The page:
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I'm looking for data on Debye temperature of steel (ideally with a known carbon concentration, structure, and set of phases), but find only data on elements. Do You happen to meet the data in papers, or textbooks?

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  • $\begingroup$ Perhaps here? google.com/… $\endgroup$ – Carl Witthoft Dec 30 '13 at 13:17
  • $\begingroup$ @CarlWitthoft: It's number two hit by google searching for "debye temperature of steel". Of course I tried that. No the doc doesn't have debye temperature of steel. Nor any doc on first n pages of the search. $\endgroup$ – Adobe Dec 30 '13 at 13:46
  • $\begingroup$ @Alexander: third google's hit of "debye temperature of steel" is a wikipedia article: Debye model -- and there's no such information there. Can You give a link? $\endgroup$ – Adobe Dec 30 '13 at 19:32
  • $\begingroup$ @Alexander: I saw this doc, and even read the table, but missed the part that the some of the alloys listed are actually stainless steels. Please make it an answer so I could accept it. $\endgroup$ – Adobe Dec 30 '13 at 21:16
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The Debye temperatures of some steel alloys can be found in the thesis of Rajevac, Vedran: "Lattice dynamics in Hydrogenated Austenitic Stainless Steels and in the Superionic Conductor Cu 2-δ Se" on p. 43.

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In general searching for material specific data I recommend starting with a search in Google, Google Scholar and Landolt-Boernstein. If neither turn up anything it might still be an open research question.

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J Phys Condens Matter. 2010 Feb 10;22(5):055402 : "The Debye temperature, Θ(D), of Fe(100-x)Cr(x) disordered alloys with 0 ≤ x ≤ 99.9 was determined from the temperature dependence of the centre shift of (57)Fe Mössbauer spectra recorded in the temperature range of 60-300 K. Its compositional dependence shows an interesting non-monotonous behaviour. For 0 < x <= ~ 45 as well as for ∼ 75 ≤ x ≤ ∼ 95, the Debye temperature is enhanced relative to its value of a metallic iron, and at x ≈ 3 there is a local maximum having a relative height of ∼ 12% compared to a pure iron. For ∼ 45 ≤ x ≤ ∼ 75 and for x ≥ ∼ 95 the Debye temperature is smaller than the one for the metallic iron, with a local minimum at x ≈ 55 at which the relative decrease of Θ(D) amounts to ∼ 12%. The first maximum coincides quite well with that found for the spin-waves stiffness coefficient, D(o), while the pretty steep decrease observed for x ≥ ∼ 95, which is indicative of a decoupling of the probe Fe atoms from the underlying chromium matrix, is likely related to the spin-density waves which constitute the magnetic structure of chromium in that interval of composition and show also anomalous dynamic behaviour. The harmonic force constant calculated from the effective Debye temperature of the least Fe-concentrated alloy (x ≥ 99.9) amounts to only 23% of the one characteristic of a pure chromium as determined from the heat capacity experiment."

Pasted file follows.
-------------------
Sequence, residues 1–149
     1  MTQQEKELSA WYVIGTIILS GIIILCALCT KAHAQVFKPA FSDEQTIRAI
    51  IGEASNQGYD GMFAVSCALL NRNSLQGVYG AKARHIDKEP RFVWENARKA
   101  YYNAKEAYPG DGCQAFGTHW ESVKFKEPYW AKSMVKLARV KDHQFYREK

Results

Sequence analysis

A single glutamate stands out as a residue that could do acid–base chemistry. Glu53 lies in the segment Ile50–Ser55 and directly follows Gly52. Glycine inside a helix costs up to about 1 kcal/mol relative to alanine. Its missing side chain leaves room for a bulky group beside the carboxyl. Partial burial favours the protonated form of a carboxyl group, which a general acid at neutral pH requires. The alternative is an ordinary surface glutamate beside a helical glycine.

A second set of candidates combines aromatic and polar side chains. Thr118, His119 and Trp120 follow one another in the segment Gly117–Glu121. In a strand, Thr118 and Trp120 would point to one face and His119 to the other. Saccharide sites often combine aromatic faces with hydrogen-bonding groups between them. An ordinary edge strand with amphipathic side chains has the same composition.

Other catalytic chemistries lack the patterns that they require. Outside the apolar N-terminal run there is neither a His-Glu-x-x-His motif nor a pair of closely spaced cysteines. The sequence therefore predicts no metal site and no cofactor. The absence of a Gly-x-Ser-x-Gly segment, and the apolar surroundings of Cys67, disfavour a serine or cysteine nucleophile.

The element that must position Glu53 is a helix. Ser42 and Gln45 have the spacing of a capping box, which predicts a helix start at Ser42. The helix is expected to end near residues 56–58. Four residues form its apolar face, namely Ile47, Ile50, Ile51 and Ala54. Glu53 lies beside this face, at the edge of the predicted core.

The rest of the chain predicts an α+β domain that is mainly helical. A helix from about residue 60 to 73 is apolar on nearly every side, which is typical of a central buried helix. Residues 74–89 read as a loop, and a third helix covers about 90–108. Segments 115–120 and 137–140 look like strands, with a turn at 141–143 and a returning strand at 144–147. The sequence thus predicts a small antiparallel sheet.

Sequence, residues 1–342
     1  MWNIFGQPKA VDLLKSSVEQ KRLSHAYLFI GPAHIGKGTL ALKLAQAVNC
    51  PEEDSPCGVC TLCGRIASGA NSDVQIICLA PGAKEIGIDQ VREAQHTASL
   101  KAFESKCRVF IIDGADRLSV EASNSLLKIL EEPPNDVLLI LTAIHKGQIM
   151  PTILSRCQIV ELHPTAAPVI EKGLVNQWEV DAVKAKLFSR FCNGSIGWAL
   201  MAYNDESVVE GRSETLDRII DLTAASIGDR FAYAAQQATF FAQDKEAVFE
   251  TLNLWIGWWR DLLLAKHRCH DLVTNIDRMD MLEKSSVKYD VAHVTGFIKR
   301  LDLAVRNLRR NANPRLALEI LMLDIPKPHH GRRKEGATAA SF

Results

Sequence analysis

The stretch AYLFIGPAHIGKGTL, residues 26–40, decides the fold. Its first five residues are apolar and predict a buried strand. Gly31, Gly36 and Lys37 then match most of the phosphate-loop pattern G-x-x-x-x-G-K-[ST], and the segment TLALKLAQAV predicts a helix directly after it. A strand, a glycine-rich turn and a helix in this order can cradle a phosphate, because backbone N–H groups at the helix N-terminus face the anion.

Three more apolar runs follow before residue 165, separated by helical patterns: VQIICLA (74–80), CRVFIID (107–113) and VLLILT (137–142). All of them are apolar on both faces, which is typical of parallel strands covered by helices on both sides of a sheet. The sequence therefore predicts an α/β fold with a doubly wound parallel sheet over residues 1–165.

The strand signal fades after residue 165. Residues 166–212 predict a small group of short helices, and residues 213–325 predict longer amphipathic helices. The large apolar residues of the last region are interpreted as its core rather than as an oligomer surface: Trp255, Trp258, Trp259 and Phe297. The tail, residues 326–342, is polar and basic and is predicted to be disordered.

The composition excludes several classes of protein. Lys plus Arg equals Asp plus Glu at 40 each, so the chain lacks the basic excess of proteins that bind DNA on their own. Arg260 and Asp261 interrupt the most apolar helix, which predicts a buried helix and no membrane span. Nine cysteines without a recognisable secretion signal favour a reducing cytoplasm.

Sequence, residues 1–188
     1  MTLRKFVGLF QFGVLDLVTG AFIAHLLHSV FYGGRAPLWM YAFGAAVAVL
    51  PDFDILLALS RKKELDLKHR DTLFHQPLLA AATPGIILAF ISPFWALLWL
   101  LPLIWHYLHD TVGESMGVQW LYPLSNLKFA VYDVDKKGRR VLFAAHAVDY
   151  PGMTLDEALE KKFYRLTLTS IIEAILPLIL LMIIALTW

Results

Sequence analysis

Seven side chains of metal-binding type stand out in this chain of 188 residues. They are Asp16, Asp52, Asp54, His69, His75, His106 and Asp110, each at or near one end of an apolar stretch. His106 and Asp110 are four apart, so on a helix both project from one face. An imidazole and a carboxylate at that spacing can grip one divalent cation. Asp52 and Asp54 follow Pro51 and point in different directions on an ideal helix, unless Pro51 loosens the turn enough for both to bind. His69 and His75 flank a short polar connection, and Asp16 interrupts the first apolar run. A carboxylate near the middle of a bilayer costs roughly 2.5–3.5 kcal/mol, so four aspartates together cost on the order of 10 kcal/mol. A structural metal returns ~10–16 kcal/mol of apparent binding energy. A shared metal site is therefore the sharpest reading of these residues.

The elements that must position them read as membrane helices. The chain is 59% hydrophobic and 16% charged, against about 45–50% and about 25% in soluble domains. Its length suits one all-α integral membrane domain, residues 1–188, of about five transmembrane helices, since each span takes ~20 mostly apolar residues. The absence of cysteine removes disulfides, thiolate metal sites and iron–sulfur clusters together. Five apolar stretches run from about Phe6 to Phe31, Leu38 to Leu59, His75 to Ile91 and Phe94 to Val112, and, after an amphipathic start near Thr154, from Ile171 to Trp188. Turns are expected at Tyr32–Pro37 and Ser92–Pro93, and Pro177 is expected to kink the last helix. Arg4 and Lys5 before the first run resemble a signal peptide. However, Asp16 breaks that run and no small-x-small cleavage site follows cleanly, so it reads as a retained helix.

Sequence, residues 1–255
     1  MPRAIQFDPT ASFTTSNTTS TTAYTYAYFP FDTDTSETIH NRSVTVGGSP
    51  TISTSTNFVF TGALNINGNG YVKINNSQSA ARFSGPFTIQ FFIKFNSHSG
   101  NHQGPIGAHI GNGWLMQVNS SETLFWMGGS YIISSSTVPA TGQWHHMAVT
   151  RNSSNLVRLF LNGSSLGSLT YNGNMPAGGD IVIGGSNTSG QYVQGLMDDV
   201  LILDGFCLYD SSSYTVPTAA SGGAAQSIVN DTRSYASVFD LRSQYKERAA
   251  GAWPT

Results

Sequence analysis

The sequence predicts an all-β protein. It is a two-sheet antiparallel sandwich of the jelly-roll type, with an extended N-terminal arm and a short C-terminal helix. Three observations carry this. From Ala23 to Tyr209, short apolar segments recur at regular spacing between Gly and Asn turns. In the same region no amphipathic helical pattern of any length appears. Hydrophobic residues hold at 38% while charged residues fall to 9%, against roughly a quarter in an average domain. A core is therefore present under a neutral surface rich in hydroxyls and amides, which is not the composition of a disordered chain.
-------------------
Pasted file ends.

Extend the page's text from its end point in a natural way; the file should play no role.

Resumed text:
And the Debye temperature of iron is about 470K.

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  • $\begingroup$ I found data on AlTi and many others, but not the steel. Which is very strange, given that steel is the main construction material for some hundered years or so, and it's Debye temperature gives us idea about the ratio of electron to lattice thermoconductivity at the given temperature. $\endgroup$ – Adobe Dec 30 '13 at 19:36
  • $\begingroup$ Yep, one expects non-linear behaviour of Debye temperature as a function of concentration. Although not as drastic as 77% reduction due to 0.1% of Fe in Cr. That's really something. $\endgroup$ – Adobe Dec 30 '13 at 21:28

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